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Features Students begin preparation for finals week

Students begin preparation for finals week


Finals week is quickly approaching at The University of Southern Mississippi.

As stress levels climb and test anxiety hits, students cram to ready themselves for multiple, oftentimes cumulative, exams during finals week. Not only must students prepare for dreaded exams but also lengthy research papers, final projects and presentations.

While success is the ultimate end goal for most students, some are anticipating the light at the end of the tunnel: summertime.

Cook Library at Southern Miss is open 24 hours every day during finals week to accommodate hours- long memorization of notes, reading of entire books, practicing speeches, writing 15-page papers and even the occasional 3 a.m. nap. Coffee sales skyrocket, and empty energy drink cans can be found in almost every garbage can.

Conveniently, Starbucks is located in Cook Library and foresees a busy phase in the next two weeks. Starbucks in the library is open 24 hours Sunday through Thursday.

“We staff more people is about all we can do,” said lead supervisor Victoria Bolls. “We try to get people in and out as quickly as possible when we’re busy.”

Bolls said the job gets exhausting during finals week.

“At our busiest times, it’s like running a marathon back here,” she said.

Every student becomes a mathematician around this time, trying to calculate the minimum score to make the desired grade in each class.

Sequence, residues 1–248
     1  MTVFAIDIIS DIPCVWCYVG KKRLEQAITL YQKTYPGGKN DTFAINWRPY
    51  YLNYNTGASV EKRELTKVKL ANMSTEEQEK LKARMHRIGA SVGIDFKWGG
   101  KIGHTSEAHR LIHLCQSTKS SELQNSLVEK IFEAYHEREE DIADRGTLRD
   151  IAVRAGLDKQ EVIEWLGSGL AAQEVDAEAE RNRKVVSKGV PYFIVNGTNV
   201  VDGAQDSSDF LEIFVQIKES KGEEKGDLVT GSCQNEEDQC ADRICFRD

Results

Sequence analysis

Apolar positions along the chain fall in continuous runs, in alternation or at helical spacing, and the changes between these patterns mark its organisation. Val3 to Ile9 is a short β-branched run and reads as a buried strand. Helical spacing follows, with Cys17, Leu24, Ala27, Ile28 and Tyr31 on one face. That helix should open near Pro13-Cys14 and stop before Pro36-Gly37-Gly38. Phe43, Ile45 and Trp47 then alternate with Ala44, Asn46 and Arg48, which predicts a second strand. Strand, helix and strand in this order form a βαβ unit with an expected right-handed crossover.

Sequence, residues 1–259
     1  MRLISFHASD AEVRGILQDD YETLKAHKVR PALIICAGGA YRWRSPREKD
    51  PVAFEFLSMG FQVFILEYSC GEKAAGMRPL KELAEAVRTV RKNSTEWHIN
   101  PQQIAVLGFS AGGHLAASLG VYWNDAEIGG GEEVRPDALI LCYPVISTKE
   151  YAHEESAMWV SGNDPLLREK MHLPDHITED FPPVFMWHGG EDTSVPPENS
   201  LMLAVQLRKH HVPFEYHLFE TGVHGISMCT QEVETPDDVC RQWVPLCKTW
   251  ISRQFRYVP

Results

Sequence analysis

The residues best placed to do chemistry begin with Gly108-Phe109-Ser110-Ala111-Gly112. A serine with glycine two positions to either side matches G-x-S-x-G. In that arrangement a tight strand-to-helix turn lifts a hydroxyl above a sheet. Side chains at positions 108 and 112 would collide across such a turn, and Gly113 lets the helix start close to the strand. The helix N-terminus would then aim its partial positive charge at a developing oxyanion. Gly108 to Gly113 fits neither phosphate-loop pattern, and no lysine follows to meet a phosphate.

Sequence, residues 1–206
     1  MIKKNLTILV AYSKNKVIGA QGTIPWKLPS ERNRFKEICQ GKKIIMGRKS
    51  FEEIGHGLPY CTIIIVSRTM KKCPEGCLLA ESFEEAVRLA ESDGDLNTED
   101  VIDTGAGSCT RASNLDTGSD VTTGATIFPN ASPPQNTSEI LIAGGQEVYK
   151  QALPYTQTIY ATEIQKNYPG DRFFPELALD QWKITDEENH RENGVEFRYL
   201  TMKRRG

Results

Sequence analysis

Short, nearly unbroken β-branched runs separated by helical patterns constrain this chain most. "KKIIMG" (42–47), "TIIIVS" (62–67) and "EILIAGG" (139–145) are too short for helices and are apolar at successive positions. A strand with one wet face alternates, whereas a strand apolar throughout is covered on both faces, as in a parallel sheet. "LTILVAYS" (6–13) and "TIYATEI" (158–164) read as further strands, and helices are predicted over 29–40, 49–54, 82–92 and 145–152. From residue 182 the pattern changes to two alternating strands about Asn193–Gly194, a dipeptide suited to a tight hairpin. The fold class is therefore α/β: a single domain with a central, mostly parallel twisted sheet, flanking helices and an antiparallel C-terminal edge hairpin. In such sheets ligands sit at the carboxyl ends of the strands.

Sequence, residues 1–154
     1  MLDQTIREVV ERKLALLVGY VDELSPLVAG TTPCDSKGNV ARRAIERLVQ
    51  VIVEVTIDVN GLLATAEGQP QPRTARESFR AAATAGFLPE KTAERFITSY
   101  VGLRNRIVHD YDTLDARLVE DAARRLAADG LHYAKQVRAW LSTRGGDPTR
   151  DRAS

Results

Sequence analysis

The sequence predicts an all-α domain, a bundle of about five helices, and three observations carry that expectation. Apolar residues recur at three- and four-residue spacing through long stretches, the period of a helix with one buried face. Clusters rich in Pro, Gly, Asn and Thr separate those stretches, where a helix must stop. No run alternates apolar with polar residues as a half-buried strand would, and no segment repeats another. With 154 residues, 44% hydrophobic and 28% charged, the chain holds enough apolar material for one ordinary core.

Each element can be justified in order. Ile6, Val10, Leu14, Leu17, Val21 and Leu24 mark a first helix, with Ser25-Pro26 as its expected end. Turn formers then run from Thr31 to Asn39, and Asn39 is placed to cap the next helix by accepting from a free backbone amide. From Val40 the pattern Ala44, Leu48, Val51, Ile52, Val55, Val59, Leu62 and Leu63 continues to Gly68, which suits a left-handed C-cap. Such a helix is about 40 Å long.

Senior liberal studies major Deidre Tubby prefers to start studying two to three months in advance for finals week.

“Study early so that you won’t have to feel like you’re on the edge and pressured coming toward finals,” she said. “You’ll feel less stressed.”

Several USM students are remaining focused and are striving to finish strong at the end of the semester. Some are graduating, and some are aiming to earn a high GPAs as they will return in the summer or the fall.

“I’ve done it on some occasions, but I’ve also been encouraged to talk with my instructors to get the actual calculation,” Tubby said. “Most of the time, I don’t worry about a calculation.”

Students are advised by faculty, staff, friends and family to put in their best efforts to succeed, and to do that, they must use the most effective study tips and strategies to make the best grades on their finals.

Tubby said she is preparing very well this semester.

“Even when I’m done [studying], I go back and check on all my work and make sure I haven’t missed any of my assignments,” she said. “There would be some chill time in between. Even on the weekends, I study for six hours a day.”

Tubby stressed to the people who are taking finals to start early so they can sleep early.

Alternating study spots to spice up a finals routine will improve retention while studying, according to the New York Times. Spending 10 hours in one seat in the library drains a person, but switching rooms or seats can surprisingly revitalize the mind.

The infamous all-nighter is a move almost every college senior has pulled by now. A tip to every student is to avoid all-nighters. According to a 2008 study by Pamela Thacher, associate professor of psychology at St. Lawrence University, all-nighters weaken cognitive performance and memory for up to four days.

Students worldwide prefer listening to music while they study.

Not only do students jam out during study sessions, but they also text, watch television or allow social media to entertain them. Distractions prevent the retention of information. Instrumental music is recommended instead of music with lyrics.

Freshman banking finance major Sequerstin Blue said students should a head start on studying for finals.

“It’s less stress on you, and you can get your best results and relax for the next two and a half months,” she said.

Students should remember, however, that the stress of finals will be over soon, and this promise brings with it the reward of summer. The rigorous work will be worth it.


Afnan Beauti
Nan is a chemistry major, Luckyday Scholar, and Honors College student at USM. She enjoys writing, exercising, and speaking life to her peers and family.

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